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But something quite different has been developing over the recent years, perhaps
caused partly by the preoccupation of America in the Middle East.

In a recent column, some weeks before President George W. Bush's whirlwind tour of
South America, it was noted there was a major shift of most of the principal nations of
that continent toward socialism.

President Bush was met in those nations he visited with a number of anti-American
demonstrations, and his trip appeared to be mostly ineffective. Much has happened in
recent weeks to confirm the shift.

    Venezuela's President Hugo Chavez has
    taken charge. Within the last week, Chavez
    announced two dramatic changes in
    governmental policies. He notified the
    world's largest oil companies, BP PLC,
    ConocoPhillips, Chevron, ExxonMobil Corp.,
    France's Total SA and Norway's Statoil SA,
    to turn over their Venezuelan oil assets
    valued at $30 billion to Petroleos de
    Venezuela SA, Venezuela's state oil
    company, meaning eventual confiscation.

    In addition, he announced he would formally
    pull Venezuela out of the International
    Monetary Fund and the World Bank. With
    these moves, Venezuela now reportedly
    controls three-quarters of the world's oil
    reserves, larger than Saudi Arabia.

With IMF and World Bank gone, it is expected that smaller nations surrounding
Venezuela may follow suit. Published reports state that Chavez, in anticipation of this, is
providing alternative forms of credit and financial support for countries in the region,
establishing what he calls the "Bank of the South."

Eight of the 10 major countries of South
America have now elected leftist presidents.
Some of these leaders have indicated their
intention of taking the countries more to the left,
even to socialism.

Now that Venezuela is leading the way, other
countries could follow suit.

Nicaragua is reaching out to communist Cuba to
strengthen their relationships. Chavez is offering
aid to President Ortega of Nicaragua and President
Rafael Correa of Ecuador, who promises "swift
radical political changes" in his country. Both are
aligning themselves more with Chavez.

Hugo Chavez has formed an alliance with Iran and a closer relationship with Russia,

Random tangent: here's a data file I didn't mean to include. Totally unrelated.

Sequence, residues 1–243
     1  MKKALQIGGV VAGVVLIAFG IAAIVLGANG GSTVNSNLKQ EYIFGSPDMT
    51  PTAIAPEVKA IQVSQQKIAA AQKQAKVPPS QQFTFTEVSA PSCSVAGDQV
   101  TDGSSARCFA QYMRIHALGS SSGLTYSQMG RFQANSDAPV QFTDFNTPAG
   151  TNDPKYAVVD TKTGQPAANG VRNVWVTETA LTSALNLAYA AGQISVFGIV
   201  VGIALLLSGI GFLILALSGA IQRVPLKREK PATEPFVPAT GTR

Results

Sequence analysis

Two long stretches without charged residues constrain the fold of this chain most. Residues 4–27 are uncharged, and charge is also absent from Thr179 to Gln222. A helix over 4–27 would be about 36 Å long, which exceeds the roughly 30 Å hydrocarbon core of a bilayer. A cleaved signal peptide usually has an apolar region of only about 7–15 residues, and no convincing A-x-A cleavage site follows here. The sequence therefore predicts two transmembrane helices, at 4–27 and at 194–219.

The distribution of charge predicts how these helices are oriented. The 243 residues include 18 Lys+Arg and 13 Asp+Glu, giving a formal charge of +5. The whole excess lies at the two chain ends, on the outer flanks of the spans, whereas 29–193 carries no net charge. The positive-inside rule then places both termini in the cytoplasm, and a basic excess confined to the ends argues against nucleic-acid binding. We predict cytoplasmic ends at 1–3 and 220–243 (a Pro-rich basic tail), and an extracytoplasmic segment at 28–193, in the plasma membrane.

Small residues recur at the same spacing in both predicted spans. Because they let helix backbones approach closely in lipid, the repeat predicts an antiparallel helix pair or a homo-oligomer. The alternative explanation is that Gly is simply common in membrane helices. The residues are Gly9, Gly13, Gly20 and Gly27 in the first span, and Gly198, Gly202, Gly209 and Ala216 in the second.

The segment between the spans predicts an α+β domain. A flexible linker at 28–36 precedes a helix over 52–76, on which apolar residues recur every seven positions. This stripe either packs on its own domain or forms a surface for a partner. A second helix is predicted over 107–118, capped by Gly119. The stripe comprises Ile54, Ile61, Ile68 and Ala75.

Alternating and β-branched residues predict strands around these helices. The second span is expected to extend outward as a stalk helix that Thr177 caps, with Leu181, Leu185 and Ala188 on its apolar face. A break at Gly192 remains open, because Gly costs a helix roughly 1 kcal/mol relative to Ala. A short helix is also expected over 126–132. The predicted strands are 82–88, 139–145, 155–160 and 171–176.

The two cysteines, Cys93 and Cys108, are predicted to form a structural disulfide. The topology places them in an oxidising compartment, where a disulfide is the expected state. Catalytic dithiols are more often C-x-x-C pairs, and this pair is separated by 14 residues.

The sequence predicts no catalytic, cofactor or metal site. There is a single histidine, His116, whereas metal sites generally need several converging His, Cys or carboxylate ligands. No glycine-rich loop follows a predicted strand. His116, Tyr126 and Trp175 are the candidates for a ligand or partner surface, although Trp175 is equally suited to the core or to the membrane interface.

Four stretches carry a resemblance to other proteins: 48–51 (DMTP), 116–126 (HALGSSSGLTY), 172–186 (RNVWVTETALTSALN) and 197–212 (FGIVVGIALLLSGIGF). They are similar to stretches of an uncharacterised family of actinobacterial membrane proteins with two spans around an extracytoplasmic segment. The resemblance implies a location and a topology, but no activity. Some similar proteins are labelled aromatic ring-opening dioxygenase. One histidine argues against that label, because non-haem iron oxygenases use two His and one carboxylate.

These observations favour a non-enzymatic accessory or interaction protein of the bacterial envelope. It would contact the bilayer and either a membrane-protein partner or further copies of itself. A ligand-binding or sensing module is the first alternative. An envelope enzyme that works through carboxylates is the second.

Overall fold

witnessed by the fact that Venezuela's newest addition to its military is a group of
Russia's newest jet fighters, part of a planned increase in armed influence in South
America.

    Just a few weeks ago, in mid-April, all the nations of
    South America with the exception of French Guiana,
    were represented at the founding of the Union of South
    American Nations (UNASUR) during the continent's first
    Energy Summit on Margarita Island in Venezuela.

    All this will give Chavez greater access, combined with
    his oil wealth, to create more control in South American
    politics. This costly loss of Western and capitalistic
    influence in South America is largely due to two closely
    related subjects: One is oil itself, and the other is the
    cowardice of the U.S. Congress which should have
    provided full energy independence for the United States
    but, instead, collapsed in the face of opposition from the
    far left, the anti-capitalist Greens, the Marxists and worse.

    Hugo Chavez's path to power can be laid directly on the
    transference of American wealth to his doorstep through
    excessive crude oil pricing. The United States is
    financing armament buildups in a number of areas
    in the world by this same manner.

Had the U.S. needs for petroleum been satisfied by its own development of
energy, the price of oil would have remained stabilized in the range of $15 to
$20 per barrel.

Forgotten are the memories of the Arab boycotts of the mid-1970s into 1980s when the